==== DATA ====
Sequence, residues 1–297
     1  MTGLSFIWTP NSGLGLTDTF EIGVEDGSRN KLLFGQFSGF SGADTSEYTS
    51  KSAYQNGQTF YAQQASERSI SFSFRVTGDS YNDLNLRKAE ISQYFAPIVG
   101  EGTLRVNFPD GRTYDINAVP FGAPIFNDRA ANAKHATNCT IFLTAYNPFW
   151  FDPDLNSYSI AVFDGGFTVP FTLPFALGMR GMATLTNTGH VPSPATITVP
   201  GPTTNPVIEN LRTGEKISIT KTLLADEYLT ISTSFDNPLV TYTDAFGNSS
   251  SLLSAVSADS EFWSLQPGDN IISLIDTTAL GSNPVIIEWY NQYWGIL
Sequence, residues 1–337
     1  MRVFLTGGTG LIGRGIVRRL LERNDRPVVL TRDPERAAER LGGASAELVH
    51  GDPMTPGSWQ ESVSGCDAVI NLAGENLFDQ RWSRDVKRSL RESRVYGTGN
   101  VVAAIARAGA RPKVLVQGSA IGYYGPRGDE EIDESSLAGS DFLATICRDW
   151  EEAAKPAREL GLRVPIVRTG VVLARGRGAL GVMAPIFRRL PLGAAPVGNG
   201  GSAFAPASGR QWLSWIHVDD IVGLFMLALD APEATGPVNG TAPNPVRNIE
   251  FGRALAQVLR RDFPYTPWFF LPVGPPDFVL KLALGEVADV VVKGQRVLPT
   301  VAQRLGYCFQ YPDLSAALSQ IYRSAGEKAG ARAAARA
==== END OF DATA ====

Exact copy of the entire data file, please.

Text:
Sequence, residues 1–297
     1  MTGLSFIWTP NSGLGLTDTF EIGVEDGSRN KLLFGQFSGF SGADTSEYTS
    51  KSAYQNGQTF YAQQASERSI SFSFRVTGDS YNDLNLRKAE ISQYFAPIVG
   101  EGTLRVNFPD GRTYDINAVP FGAPIFNDRA ANAKHATNCT IFLTAYNPFW
   151  FDPDLNSYSI AVFDGGFTVP FTLPFALGMR GMATLTNTGH VPSPATITVP
   201  GPTTNPVIEN LRTGEKISIT KTLLADEYLT ISTSFDNPLV TYTDAFGNSS
   251  SLLSAVSADS EFWSLQPGDN IISLIDTTAL GSNPVIIEWY NQYWGIL
Sequence, residues 1–337
     1  MRVFLTGGTG LIGRGIVRRL LERNDRPVVL TRDPERAAER LGGASAELVH
    51  GDPMTPGSWQ ESVSGCDAVI NLAGENLFDQ RWSRDVKRSL RESRVYGTGN
   101  VVAAIARAGA RPKVLVQGSA IGYYGPRGDE EIDESSLAGS DFLATICRDW
   151  EEAAKPAREL GLRVPIVRTG VVLARGRGAL GVMAPIFRRL PLGAAPVGNG
   201  GSAFAPASGR QWLSWIHVDD IVGLFMLALD APEATGPVNG TAPNPVRNIE
   251  FGRALAQVLR RDFPYTPWFF LPVGPPDFVL KLALGEVADV VVKGQRVLPT
   301  VAQRLGYCFQ YPDLSAALSQ IYRSAGEKAG ARAAARA